The distance between Ukraine and its giant neighbor to the east was readily apparent in today's celebration of Ukraine's 25th anniversary of independence from the USSR, if you knew where to look.
Some signs were quiet, like the marching soldiers' new, Western-style uniforms – a break from the Ukrainian military's hitherto Soviet-style appearance. Others were quite overt, such as President Petro Poroshenko's defiant talk of fighting until victory against Moscow-backed separatists in the country's troubled east.
But despite the showmanship, the reality behind the country's independence day – its third since the Maidan Revolution triggered civil conflict and a still-intensifying split with Russia – is that Ukraine's situation remains grim. Ukraine has defied terrible odds by surviving more than two years of extreme hardship, and government paralysis was relieved by a reshuffle that consolidated President Poroshenko's hold on power last April. But the economy remains stagnant, the fight against corruption and behind-the-scenes oligarchic rule has shown little progress, and there are ubiquitous signs that public patience is running out.
"The ideological goals of the Maidan Revolution are increasingly exhausted, and seem to be unattainable," says Fyodor Lukyanov, editor of Russia in Global Affairs, a leading Moscow-based foreign policy journal. "The West is unhappy with Ukraine for its failure to implement promised reforms. Russia is not backing down. Ukrainians are miserable for any number of good reasons. The situation is total deadlock."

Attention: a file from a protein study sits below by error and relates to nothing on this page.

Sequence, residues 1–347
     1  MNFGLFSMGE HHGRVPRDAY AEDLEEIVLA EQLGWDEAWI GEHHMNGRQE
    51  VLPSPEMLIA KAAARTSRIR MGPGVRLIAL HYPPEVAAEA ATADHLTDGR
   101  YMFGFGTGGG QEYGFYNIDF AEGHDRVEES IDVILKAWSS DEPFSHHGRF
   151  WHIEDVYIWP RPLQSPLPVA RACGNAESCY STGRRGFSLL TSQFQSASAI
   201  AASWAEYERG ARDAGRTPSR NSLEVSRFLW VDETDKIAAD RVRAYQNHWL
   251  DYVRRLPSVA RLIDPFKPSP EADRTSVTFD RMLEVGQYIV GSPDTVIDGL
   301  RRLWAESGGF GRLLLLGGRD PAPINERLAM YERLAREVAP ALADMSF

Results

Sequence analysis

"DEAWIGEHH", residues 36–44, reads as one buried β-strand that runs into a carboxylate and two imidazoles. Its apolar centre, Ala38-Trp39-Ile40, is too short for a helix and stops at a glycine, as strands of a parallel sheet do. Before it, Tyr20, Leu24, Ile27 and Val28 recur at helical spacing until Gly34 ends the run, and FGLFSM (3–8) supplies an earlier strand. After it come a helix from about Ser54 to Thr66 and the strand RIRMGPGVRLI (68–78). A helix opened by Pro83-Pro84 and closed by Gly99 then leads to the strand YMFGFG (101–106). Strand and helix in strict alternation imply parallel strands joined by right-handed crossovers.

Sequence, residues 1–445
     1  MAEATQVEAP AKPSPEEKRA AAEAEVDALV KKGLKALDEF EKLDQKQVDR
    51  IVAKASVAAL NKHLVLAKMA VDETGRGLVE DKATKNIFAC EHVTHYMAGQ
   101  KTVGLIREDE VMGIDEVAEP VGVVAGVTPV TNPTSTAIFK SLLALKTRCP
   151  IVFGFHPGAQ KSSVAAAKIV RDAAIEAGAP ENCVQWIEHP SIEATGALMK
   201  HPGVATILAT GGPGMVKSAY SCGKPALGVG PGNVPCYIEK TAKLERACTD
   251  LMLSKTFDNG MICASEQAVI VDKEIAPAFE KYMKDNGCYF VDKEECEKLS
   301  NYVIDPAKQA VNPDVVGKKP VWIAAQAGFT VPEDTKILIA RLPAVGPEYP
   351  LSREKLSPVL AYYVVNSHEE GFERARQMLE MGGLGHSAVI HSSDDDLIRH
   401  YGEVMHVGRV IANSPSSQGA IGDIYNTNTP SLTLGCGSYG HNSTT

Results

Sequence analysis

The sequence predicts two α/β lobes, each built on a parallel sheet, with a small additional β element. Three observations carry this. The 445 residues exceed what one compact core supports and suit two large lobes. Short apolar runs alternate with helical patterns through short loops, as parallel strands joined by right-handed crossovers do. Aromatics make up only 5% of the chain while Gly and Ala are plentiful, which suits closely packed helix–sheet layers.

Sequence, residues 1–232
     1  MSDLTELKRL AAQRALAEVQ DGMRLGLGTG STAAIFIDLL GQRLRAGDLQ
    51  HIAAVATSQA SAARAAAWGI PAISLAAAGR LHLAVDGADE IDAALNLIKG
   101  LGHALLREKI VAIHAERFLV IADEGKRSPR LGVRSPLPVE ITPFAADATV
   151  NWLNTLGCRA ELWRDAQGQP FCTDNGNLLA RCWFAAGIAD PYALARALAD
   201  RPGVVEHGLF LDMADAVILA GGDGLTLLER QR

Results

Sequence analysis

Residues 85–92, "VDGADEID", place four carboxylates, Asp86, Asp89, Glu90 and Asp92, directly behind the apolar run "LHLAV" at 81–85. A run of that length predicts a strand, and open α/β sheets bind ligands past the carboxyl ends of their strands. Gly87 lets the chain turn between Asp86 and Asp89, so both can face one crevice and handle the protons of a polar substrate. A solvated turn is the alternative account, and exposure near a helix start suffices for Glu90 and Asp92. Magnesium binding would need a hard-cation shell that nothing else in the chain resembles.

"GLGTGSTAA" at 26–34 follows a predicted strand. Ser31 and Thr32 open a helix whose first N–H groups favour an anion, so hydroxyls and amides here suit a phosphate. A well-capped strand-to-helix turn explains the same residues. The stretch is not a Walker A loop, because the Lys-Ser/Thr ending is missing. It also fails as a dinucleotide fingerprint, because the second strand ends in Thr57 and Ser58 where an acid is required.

Stasis in the east
Little has changed in Ukraine's outlook since last year's independence day, and a range of Russian and Ukrainian experts offered little optimism Wednesday that next year's is likely to see any significant changes.
Ukraine's most worrisome problem, highlighted by 76 percent of respondents in a recent Kiev International Institute of Sociology (KIIS) poll, remains the war in eastern Ukraine. All efforts to broker peace under the Moscow-Berlin-Paris-sponsored Minsk II peace accords have hit a brick wall with Kiev's inability to deliver constitutional changes that would give special status and greater autonomy to the two rebel republics of Donetsk and Luhansk, and the separatists' refusal to hold local elections under Ukrainian law. Fighting has been spiking in recent weeks, leading to fears that the deadlock will lead one or both sides to return to the battlefield.
"If we can't get constitutional changes done, then nothing will alter the relationship between Kiev and the Luhansk-Donetsk republics," says Vladimir Panchenko, an expert with the International Center of Political Studies in Kiev. "There is nothing happening right now that could influence positive change in our situation."
Russia also appears to have abandoned much of the optimism of a few months ago that the Minsk Accords might be made to work, and has returned to saber-rattling as a means to pressure Kiev. Last week, President Vladimir Putin visited Crimea, whose annexation by Russia was internationally condemned. He accused Kiev of plotting "terrorist" acts, including sabotage and assassination, while Ukraine warned that Russian troop buildups just over the border threaten to ignite "all-out war."